October 01, 2008


And here in the USA, the meltdown on Wall Street dominates the news. Friends (lawyers, bankers, software and hardware people) who know something about the goings-on -- which I don't -- are uniformly critical of the unbridled "free market" that they think has caused all this. (One said "free market", then stopped and corrected himself, saying he really meant "wild market"). Among many other things, the free and easy mortgage practices of recent years, which has left millions with loans they can't repay, taken from financial institutions that threw any notion of due diligence to the winds. Too, there's been fraud and corruption and great greed. And it's built a vast house of cards that is now crumbling.

So many questions. In no particular order, and not necessarily as well-formulated as I'd like, consider a few.

* Can a country survive indefinitely on enormous levels of debt?

* Are we therefore now watching the decline and fall of a great empire, as Paul Kennedy predicted nearly 20 years ago?

* As ever-more Indians move to living in debt, should we be worried?

* What is the meaning of a massive government "bailout" to rescue the financial system, to rescue financial institutions -- even if it has been rejected by lawmakers? Is this not a fundamentally socialist measure?

* In essence therefore, how does this differ from India's now-reviled move to nationalize banks in the '60s?

* If certain individuals and institutions choose to take risks and get into trouble, even massive trouble, why shouldn't they sink? After all, isn't risk and its consequences -- possibly great rewards, but just as possibly great disaster -- fundamental to capitalism and free markets?

* Is greed an Achilles heel of capitalism, just as the absence of individual incentive was an Achilles heel of communism?

* Is this therefore the fall from grace of capitalism, just as the late 1980s were the downfall of communism?

Finally, it seems to me that so much depends on human psychology, even individual psyches. I mean, I know that as markets plunge, my own savings are vanishing into the ether. My instinct is to cut my losses and cash in those savings. Yet I know that if I follow that instinct, I simply accelerate the slide. Now maybe I can afford to resist that instinct, at least for a while. But how many others can resist?

What happens to the man looking forward to retirement next year, watching his retirement account melt away? What's he going to do with his instinct? Multiply that by millions of people. Mix in the likelihood that eventually Americans will realize they cannot pay back the vast amounts they owe. Sprinkle on top the anxiety of investors in the American economy, pushing them to look at investing in, let's say, Europe and its euros.

What do you have now? Among other things, you have a manic Monday, when the Dow sank 777 points.


Anonymous said...

Hi Aikath,

Your post reminds me of the reflexes of our desi comrades. The Soviet Union, early on in its life, was indeed a bit of an achiever. Great progress in science and technology. First man in space. Economic disparities visibly far less than in Western nations. Cheap heathcare for all. Almost 100% literacy. Etc, etc.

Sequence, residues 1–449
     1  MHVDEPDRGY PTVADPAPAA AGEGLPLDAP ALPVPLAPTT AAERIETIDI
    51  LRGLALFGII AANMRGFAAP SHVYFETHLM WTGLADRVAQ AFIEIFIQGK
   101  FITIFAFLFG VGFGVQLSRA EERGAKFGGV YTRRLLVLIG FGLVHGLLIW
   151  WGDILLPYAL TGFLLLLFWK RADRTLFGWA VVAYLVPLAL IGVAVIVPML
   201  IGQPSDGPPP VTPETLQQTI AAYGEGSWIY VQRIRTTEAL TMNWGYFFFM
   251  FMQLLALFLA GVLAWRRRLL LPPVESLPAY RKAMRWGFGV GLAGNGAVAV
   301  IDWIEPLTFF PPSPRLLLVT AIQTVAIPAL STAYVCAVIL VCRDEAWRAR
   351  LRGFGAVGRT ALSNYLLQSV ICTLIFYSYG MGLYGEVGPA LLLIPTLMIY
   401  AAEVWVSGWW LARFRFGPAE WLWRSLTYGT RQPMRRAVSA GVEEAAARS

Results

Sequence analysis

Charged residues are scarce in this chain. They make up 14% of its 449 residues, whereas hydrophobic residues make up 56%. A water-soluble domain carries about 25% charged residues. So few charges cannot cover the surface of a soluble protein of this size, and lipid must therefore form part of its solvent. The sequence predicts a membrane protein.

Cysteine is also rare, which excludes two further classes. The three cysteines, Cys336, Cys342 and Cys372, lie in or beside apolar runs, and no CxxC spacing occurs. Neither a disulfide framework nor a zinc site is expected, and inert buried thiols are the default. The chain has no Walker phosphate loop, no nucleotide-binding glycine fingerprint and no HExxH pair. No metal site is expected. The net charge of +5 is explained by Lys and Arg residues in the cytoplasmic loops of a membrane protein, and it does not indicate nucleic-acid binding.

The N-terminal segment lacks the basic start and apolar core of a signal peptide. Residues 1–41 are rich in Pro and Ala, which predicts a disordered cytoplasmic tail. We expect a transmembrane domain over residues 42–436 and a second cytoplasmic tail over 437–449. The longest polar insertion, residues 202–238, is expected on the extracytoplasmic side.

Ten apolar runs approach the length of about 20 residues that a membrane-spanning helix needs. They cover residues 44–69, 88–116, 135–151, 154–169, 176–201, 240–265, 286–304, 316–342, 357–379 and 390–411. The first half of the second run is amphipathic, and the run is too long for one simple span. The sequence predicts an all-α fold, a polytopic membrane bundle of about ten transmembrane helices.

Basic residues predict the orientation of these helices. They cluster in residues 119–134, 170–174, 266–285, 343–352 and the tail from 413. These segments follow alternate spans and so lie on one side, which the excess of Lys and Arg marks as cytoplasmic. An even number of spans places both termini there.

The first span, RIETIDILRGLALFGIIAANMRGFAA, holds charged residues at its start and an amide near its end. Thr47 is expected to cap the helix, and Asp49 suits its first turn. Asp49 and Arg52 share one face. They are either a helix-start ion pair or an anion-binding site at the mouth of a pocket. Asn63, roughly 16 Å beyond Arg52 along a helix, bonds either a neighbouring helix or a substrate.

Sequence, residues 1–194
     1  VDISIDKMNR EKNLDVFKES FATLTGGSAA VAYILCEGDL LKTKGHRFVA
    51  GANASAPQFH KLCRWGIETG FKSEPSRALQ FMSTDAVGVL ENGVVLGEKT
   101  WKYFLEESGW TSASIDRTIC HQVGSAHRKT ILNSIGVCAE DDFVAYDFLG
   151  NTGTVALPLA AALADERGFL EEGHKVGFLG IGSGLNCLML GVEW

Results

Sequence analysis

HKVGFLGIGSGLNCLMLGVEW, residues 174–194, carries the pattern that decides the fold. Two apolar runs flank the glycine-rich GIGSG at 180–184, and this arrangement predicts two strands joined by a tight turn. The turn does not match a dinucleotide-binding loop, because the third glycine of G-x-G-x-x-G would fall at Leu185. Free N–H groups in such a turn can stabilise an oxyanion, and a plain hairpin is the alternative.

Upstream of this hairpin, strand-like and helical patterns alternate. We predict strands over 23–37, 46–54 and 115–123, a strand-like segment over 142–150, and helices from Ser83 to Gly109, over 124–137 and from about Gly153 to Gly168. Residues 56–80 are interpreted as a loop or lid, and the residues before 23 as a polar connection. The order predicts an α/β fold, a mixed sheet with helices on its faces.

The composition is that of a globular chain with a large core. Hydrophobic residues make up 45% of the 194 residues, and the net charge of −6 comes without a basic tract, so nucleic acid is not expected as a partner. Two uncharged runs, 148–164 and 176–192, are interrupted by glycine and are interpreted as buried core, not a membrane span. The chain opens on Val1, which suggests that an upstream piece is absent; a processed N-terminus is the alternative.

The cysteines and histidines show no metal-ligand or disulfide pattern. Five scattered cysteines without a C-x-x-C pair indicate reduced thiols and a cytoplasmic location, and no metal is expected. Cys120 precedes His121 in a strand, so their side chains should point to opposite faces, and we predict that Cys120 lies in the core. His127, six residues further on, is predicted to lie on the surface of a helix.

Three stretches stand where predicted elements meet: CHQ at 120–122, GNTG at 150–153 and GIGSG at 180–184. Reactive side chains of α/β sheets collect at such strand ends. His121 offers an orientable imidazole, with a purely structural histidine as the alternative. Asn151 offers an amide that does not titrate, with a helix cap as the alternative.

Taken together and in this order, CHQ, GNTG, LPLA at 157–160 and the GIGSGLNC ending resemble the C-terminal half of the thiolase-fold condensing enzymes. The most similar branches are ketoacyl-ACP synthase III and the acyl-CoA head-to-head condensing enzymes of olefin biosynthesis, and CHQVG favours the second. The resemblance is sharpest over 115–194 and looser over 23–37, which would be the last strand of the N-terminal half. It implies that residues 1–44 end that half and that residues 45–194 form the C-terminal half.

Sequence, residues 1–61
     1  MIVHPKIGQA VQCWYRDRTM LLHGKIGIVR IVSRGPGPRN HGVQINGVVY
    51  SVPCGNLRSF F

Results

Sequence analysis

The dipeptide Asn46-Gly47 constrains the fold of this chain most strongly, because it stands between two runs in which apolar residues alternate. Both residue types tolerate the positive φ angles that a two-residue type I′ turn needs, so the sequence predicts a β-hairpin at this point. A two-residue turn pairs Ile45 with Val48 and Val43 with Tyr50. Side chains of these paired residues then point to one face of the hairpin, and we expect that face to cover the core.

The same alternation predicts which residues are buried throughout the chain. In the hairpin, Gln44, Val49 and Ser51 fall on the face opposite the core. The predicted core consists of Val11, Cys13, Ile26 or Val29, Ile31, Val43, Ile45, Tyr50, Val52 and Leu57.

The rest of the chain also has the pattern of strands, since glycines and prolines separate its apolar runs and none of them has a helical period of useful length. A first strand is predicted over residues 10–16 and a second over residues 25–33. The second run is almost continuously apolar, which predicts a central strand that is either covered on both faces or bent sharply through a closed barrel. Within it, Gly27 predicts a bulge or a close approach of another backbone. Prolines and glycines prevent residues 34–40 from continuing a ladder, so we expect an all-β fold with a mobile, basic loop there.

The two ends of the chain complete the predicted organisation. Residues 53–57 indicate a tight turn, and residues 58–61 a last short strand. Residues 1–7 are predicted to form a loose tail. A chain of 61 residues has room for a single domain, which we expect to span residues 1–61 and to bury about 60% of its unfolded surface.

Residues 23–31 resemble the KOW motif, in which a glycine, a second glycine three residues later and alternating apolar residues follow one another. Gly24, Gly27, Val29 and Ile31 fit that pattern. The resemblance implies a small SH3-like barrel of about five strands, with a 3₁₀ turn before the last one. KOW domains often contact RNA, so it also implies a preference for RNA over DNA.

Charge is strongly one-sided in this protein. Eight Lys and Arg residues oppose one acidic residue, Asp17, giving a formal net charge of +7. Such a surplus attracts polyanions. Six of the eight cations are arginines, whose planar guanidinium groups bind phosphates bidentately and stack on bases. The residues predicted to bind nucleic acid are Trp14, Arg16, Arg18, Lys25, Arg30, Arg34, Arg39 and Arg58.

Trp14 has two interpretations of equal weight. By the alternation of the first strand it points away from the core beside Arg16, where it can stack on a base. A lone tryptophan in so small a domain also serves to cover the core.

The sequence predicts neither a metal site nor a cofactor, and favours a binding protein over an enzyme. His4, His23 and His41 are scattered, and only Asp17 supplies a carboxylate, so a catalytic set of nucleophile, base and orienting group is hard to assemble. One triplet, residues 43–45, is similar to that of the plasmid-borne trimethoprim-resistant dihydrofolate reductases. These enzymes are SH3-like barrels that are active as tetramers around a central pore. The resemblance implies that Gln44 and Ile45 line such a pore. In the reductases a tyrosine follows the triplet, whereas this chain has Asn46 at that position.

Our comrades lapped this all up, and proclaimed socialism a winner, and predicted doomsday for capitalism. Never mind that the soviet communists had their hands dipped in pools of human blood.

Decades later came the denouement, and what do you think our comrades said? That communism was a massive failure? That not only did it fail to deliver the utopia it promised, but that it actually ended up genociding millions?

No way! They don't admit that to this day!

Hence, caution, and my friendly recommendation: instant punditry must be eschewed.

Point to ponder: what did friends, lawyers, bankers, software and hardware people attribute their wealth to when markets were going up, up and up?

Anonymous said...

Who is aikath?

Anonymous said...

Who is aikath?

Ans: me.

Anonymous said...

Not answering the questions posed to you and going on about something else on a tangential note--at best--expresses your lack of argument.
If economists, intellectuals, bloggers worldwide term this socialisation in the world's most advanced democracy, that surely is not instant punditry.
And friends, lawyers, suchlike would attribute both their rise and fall to the markets, btw.

Anonymous said...

I couldn't have said it better:


Also, Somu/Aikath, why are you addressing yourself? BTW, are you Somu, or the Punjabi-ised version of Sumo? Just curious.

Dilip D'Souza said...

Sorry, was without web access for a few days and just got back. Nazim, thanks. your last sentence says just what I would have said. Most of the bankers/lawyers etc I referred to are relatively sanguine (in the circumstances) about the mess the economy is in, and are able to see it as just the downside of the same cycle that also brought them wealth and success. Not everyone can be as sanguine, I know, but it makes sense to see it that way.

There's a point to be made, though, about this nationalization/socialism stuff. This whole financial package is meant as a temporary (if huge) prop up of the economy. Assuming that same cycle goes around (likely), and assuming the banks/institutions that get a leg up manage to survive (who knows), they will not remain propped up; they will not remain "nationalized" in the sense India's banks remain nationalized 40 years after it happened.

Yet it is an interesting question to ask. Those same bankers/lawyers are asking it and wondering about its implications.

Shivam Vij said...

my thoughts exactly